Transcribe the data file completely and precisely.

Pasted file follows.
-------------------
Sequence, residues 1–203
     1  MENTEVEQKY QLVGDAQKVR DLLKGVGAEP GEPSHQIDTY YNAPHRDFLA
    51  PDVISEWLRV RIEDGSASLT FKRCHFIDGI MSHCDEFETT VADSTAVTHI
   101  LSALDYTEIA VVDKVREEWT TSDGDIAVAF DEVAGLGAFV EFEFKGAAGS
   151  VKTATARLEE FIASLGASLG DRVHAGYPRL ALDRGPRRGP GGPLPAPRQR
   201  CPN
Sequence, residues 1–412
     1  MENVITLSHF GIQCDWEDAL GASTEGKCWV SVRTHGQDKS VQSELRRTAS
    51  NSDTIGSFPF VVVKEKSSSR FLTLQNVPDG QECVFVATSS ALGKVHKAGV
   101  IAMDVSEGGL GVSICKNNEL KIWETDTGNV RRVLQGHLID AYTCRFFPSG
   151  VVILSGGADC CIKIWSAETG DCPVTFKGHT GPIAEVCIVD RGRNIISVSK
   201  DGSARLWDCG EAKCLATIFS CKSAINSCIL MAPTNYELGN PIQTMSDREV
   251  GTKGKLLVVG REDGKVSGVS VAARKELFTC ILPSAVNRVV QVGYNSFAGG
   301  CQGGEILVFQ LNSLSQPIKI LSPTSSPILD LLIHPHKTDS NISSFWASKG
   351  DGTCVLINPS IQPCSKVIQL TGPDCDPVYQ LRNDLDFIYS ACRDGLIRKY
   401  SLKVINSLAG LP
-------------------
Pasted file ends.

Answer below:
Sequence, residues 1–203
     1  MENTEVEQKY QLVGDAQKVR DLLKGVGAEP GEPSHQIDTY YNAPHRDFLA
    51  PDVISEWLRV RIEDGSASLT FKRCHFIDGI MSHCDEFETT VADSTAVTHI
   101  LSALDYTEIA VVDKVREEWT TSDGDIAVAF DEVAGLGAFV EFEFKGAAGS
   151  VKTATARLEE FIASLGASLG DRVHAGYPRL ALDRGPRRGP GGPLPAPRQR
   201  CPN
Sequence, residues 1–412
     1  MENVITLSHF GIQCDWEDAL GASTEGKCWV SVRTHGQDKS VQSELRRTAS
    51  NSDTIGSFPF VVVKEKSSSR FLTLQNVPDG QECVFVATSS ALGKVHKAGV
   101  IAMDVSEGGL GVSICKNNEL KIWETDTGNV RRVLQGHLID AYTCRFFPSG
   151  VVILSGGADC CIKIWSAETG DCPVTFKGHT GPIAEVCIVD RGRNIISVSK
   201  DGSARLWDCG EAKCLATIFS CKSAINSCIL MAPTNYELGN PIQTMSDREV
   251  GTKGKLLVVG REDGKVSGVS VAARKELFTC ILPSAVNRVV QVGYNSFAGG
   301  CQGGEILVFQ LNSLSQPIKI LSPTSSPILD LLIHPHKTDS NISSFWASKG
   351  DGTCVLINPS IQPCSKVIQL TGPDCDPVYQ LRNDLDFIYS ACRDGLIRKY
   401  SLKVINSLAG LP